Skip to main content.

Humor and Health

We were in Salino, Utah when we were arrested for not going through a green light. We pleaded "maybe". I asked the judge if he knew what time it is, he did, and I said, "No further questions."

I went to court for a parking ticket. I pleaded insanity. I said, "Your honor, why would anyone in their right mind park in the passing lane?" When I get real bored, I like to drive downtown and get a great parking spot, then sit in my car and count how many people ask me if I'm leaving. Yesterday I parked my car in a tow-away zone. . . When I came back the entire area was missing. -- Steven Wright

Maybe these one-liners from Steven Wright make you laugh or at least smile a little. If so, how does it feel? Most of us have had the experience of being around someone who lightens our mood by saying something funny. Now there is increasing research on humor that suggests that incorporation of humor and laughter into your daily life promotes mental and even physical health. And it's fun! In this article I will outline some of the health benefits of humor and will discuss ways to incorporate more humor into your life.

A study done at the University of Maryland Medical Center suggests that having a sense of humor and an ability to laugh at oneself and/or stressful situations can relax your body and increase your capacity to fight disease. Regular incorporation of laughter and humor can reduce stress, lower blood pressure, elevate mood, reduce the risk of heart disease, boost the immune system, improve brain functioning, promote relaxation, and foster closer relationships.

In terms of mental and emotional health, humor helps reduce the frequency and duration of painful or uncomfortable emotions. It is impossible to feel angry, depressed, anxious, etc. and to feel humor at the same time. If you can bring a light-hearted humor to everyday experiences, these "negative" emotions are less likely to crop up at all. Having a sense of humor can also help you to meet new people and brings you closer to those with whom you have existing relationships. It is fun to laugh and when you're funny and/or laughing, other people want to be around you. Experiencing humor leads us to talk more, make more eye contact with other people, and touch people in a compassionate way. If you can laugh with someone else, especially about a problem or stressful situation, it connects you with that person in a more intimate way and makes the situation more tolerable for both of you.

The benefits are clear! So how can we learn to laugh, have a sense of humor, and just generally lighten up? The first thing is to smile more often. Smiling, like laughter, is contagious. If you smile, those around you are more likely to smile at you. Plus, smiling releases endorphins in our brains that actually, chemically, make us feel better!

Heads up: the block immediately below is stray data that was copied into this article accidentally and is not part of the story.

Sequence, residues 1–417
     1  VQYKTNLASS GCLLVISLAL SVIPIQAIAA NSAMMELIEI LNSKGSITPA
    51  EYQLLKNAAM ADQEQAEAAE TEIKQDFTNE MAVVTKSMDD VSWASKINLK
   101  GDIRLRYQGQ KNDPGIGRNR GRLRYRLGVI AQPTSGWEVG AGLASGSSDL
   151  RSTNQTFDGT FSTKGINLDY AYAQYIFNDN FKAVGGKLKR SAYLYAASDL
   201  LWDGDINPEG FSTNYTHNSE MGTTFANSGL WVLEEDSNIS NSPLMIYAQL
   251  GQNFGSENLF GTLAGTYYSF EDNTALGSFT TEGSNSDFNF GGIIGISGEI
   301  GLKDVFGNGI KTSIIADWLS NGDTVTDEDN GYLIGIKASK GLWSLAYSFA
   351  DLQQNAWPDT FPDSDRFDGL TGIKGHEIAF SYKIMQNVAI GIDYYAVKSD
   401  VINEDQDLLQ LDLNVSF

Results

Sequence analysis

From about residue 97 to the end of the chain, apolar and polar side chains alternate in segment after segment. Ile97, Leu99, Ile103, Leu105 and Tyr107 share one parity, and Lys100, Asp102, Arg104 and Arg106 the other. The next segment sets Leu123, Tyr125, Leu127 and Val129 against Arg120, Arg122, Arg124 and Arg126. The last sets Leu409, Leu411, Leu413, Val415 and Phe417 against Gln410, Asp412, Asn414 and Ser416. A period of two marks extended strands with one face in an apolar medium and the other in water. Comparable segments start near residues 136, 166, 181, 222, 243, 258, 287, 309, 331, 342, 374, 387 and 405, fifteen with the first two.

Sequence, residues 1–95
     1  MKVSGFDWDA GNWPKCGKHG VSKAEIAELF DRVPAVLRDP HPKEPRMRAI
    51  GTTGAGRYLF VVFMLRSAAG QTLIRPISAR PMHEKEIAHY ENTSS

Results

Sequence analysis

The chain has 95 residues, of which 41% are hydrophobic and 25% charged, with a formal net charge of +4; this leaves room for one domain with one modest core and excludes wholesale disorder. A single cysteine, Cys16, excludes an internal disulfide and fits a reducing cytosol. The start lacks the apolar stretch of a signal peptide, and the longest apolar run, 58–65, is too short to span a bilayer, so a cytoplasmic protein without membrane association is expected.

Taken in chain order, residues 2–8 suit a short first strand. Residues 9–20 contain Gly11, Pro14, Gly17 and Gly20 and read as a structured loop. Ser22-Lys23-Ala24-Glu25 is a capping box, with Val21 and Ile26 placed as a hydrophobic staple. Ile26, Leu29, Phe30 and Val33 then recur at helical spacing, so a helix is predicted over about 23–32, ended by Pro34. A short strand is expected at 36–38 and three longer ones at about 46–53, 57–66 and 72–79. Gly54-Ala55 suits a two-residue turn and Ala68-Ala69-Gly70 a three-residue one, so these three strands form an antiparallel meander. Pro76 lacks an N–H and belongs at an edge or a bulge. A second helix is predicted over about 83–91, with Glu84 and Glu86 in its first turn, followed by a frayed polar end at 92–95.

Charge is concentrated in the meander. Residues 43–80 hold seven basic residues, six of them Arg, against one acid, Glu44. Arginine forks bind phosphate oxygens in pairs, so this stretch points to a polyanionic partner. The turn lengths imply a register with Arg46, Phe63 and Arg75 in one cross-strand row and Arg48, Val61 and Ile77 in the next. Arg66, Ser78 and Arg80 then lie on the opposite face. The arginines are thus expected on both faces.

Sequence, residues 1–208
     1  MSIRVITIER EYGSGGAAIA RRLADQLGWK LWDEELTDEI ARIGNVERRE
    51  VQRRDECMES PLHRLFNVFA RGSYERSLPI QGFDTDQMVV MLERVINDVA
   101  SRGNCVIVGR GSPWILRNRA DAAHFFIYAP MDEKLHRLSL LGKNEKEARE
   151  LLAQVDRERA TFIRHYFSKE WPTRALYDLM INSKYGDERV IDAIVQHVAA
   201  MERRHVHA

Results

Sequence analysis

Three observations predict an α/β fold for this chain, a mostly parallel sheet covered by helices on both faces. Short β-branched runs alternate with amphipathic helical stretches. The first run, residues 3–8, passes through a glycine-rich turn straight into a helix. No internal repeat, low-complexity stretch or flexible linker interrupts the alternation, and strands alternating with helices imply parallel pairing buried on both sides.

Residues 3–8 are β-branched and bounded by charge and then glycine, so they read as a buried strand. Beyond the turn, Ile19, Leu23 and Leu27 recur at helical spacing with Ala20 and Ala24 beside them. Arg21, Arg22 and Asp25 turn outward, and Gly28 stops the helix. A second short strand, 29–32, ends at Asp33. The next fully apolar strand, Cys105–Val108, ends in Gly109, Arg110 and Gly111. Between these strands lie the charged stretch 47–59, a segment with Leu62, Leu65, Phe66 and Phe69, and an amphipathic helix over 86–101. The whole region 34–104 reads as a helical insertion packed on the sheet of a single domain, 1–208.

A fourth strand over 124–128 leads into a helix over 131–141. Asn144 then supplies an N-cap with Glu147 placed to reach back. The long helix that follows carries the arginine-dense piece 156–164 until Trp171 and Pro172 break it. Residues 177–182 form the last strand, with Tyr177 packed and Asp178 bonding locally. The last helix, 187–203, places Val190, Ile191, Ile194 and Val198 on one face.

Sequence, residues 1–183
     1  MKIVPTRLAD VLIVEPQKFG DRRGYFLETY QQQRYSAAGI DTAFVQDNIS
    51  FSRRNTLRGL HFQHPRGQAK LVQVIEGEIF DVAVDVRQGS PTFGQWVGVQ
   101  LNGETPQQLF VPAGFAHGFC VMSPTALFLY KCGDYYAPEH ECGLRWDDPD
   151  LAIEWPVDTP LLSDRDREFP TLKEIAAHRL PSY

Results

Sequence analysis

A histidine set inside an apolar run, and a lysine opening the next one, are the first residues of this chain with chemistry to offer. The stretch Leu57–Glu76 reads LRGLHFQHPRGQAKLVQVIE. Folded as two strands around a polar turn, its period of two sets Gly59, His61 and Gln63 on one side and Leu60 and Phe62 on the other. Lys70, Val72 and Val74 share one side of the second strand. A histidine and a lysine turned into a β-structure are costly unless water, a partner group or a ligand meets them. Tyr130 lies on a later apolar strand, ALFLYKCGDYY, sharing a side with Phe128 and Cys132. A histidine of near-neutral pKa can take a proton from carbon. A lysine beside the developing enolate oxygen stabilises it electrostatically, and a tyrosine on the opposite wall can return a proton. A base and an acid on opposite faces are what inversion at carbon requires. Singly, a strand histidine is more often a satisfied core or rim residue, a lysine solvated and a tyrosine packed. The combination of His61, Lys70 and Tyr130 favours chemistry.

Second, learn to be grateful for the things and people in your life. Noticing the things you're grateful for shifts your thoughts from negative (or neutral) to positive. Having positive thoughts is the first step towards humor and laughter. Chances are there is something positive you can take away from even the most negative or upsetting situation. You may have to look really hard, but there's likely to be something good--if only that the bad event is over.

Incorporate happy people who laugh a lot into your life. If you hear people laughing, try to get in on it. Ask them what's so funny. Usually people want to share their jokes or funny stories because humor and laugher feel so good that they want to experience it all over again by telling you. Seeking out people who routinely incorporate humor in their lives will influence you in a similar way. If you feel that most of the people around you are serious and lacking in the humor department, try watching funny movies, going to comedy shows, or even signing up for a "joke of the day" on a humor website.

You can also increase the humor in your life by finding ways to be silly or childlike (while still attending to daily responsibilities). Wearing ridiculous clothes, keeping toys around you (personally, I enjoy bobble head dolls and slinkys), telling stupid jokes, or using temporary hair color are all possible ways to lighten up your mood and probably that of those around you. Those of us who spend time around little kids might have an easier time of this--since kids are naturally curious and funny, spending time with kids can remind us of this side of ourselves.

Learn to laugh at yourself! We all make mistakes, have insecurities, have foibles, and do embarrassing things. If you can talk or joke about how embarrassed or uncomfortable you've been in these kinds of situations, you've learned to laugh at yourself. Other people will laugh too and chances are they'll be laughing because they've done or felt the same thing.

Finally, one of the most important things you can do to increase the humor and lightness in your life is to learn to manage stress and any overwhelming personal problems going on in your life. This might mean that you need some professional help to cope with the painful stuff before you can feel humor again. It's very hard to feel stressed and humorous at the same time, so get some help getting that stress under control. It seems only appropriate to end this article with a mental health joke--this one's from the website (Good Clean Funnies List): During a phone conversation, my nephew mentioned that he was taking a psychology course at the university. "Oh, great," I said. "Now you'll be analyzing everyone in the family."

"No, no," he replied. "I don't take abnormal psychology until next semester. "

Back to top of screen